William took the same train every day. Before his face had fully woken up, so that his jaw hung slack; before his stomach had steadied enough to eat, he would catch the train. He would gaze bleary eyed, as each day Bromley South, Bickley and St Mary Cray stations whizzed past on his way to Blackfriars. There, he would shuffle out with every other groggy commuter, bad moods huffing about them, mingling with the pollution.
Then one day the train didn’t stop at Bickley. William barely noticed, he had only a vague sensation that he got to Blackfriars too quickly. The next day his eyes were staring thoughtlessly out of the window as Bickley was flung past again, too fast, as if it wasn’t there.
It was three days before he remembered to look properly out of the window. What he saw was a dead town. The train didn’t even slow down, so it was struggle to see, but he saw: windows charred, cars flipped over on their backs like dead beetles. He tried to catch the eye of his fellow passengers, but they were each lost to technology, the real world was of no interest.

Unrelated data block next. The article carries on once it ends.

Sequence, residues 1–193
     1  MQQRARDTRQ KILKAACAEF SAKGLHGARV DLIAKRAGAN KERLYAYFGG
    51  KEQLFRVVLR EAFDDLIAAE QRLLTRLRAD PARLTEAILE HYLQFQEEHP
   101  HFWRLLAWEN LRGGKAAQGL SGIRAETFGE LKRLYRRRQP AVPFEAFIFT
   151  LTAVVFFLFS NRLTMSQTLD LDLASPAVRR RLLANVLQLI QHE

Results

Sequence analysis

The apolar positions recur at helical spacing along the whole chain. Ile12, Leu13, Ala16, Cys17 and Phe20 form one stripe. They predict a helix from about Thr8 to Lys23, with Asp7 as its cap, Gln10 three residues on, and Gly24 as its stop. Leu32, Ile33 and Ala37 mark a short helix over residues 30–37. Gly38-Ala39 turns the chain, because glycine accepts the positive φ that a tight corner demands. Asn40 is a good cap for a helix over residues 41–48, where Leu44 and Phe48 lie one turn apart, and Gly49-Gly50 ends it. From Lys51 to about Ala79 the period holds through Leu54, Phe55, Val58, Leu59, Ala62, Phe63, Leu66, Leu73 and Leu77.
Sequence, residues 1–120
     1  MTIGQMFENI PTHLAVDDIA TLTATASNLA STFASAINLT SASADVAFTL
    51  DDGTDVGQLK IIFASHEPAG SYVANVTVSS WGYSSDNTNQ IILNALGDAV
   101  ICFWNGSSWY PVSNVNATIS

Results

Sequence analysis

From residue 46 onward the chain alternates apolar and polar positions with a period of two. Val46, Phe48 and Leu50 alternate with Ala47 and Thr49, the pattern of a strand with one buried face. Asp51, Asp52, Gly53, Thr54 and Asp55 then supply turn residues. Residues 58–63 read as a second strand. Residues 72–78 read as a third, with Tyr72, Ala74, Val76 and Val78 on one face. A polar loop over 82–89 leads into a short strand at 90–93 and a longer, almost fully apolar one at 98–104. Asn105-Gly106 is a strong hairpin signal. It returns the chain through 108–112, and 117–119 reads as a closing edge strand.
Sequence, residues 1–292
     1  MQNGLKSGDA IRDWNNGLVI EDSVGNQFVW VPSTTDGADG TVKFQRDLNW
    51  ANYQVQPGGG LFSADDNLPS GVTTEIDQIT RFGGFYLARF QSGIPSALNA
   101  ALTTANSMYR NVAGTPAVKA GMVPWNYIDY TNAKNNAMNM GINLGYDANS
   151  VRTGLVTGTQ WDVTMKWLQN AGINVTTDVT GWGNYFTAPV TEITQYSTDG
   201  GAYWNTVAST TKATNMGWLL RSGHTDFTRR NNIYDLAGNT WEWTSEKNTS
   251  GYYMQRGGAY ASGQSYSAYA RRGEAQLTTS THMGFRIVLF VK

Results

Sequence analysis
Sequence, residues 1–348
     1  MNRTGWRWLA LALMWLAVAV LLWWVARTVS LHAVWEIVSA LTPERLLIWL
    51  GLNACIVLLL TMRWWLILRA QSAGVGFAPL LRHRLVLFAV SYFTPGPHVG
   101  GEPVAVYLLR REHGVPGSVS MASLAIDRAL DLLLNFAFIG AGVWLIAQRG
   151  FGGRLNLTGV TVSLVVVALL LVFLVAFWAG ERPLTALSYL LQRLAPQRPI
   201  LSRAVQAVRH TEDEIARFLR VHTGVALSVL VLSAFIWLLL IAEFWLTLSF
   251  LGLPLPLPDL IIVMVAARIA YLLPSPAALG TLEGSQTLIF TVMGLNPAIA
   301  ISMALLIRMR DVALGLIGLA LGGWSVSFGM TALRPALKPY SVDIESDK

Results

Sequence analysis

Over the days William put the flashed blurred images together in his mind to create a whole of what Bickley had become. There were no people, no movement, no birds. Once a pigeon was flying alongside the train. As they reached Bickley station, it dropped to the ground like a stone.
He tried googling the station, but was asked, ‘Do you mean Buckley’ as if Bickley didn’t exist at all. Without the Internet to help him, he wasn’t sure where to go. He didn’t know anyone in Bickley. He tried asking guards at Blackfriars, but they looked at him blankly,
William wondered if he should go there, get off at Bromley South and walk. Then he remembered the bird. So he stopped wondering. When Bickley station drew close, he would fold his attention to his phone and keep it there.
As months passed, Bickley was slowly erased. The Bickley signs came down. The platforms disappeared. Then the houses. Soon where was once was Bickley, now was a fence and Japanese Knotweed growing. Reclaiming.